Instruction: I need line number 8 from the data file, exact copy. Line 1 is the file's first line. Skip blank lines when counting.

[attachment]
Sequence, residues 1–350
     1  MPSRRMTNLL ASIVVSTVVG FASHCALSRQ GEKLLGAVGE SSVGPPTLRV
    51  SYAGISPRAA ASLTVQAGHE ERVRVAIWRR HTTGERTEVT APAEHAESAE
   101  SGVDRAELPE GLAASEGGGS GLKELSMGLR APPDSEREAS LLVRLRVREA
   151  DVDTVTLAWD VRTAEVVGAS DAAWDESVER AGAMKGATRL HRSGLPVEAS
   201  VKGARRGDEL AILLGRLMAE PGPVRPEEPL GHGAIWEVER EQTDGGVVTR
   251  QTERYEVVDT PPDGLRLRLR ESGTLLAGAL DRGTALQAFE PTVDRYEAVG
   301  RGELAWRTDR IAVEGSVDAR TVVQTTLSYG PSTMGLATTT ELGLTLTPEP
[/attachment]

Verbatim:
   301  RGELAWRTDR IAVEGSVDAR TVVQTTLSYG PSTMGLATTT ELGLTLTPEP